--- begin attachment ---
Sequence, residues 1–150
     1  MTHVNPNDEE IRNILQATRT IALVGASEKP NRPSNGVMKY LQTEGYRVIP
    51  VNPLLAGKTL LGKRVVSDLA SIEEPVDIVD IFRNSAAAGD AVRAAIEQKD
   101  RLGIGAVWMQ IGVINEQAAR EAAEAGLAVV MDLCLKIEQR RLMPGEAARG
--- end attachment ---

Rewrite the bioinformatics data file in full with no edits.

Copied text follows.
Sequence, residues 1–150
     1  MTHVNPNDEE IRNILQATRT IALVGASEKP NRPSNGVMKY LQTEGYRVIP
    51  VNPLLAGKTL LGKRVVSDLA SIEEPVDIVD IFRNSAAAGD AVRAAIEQKD
   101  RLGIGAVWMQ IGVINEQAAR EAAEAGLAVV MDLCLKIEQR RLMPGEAARG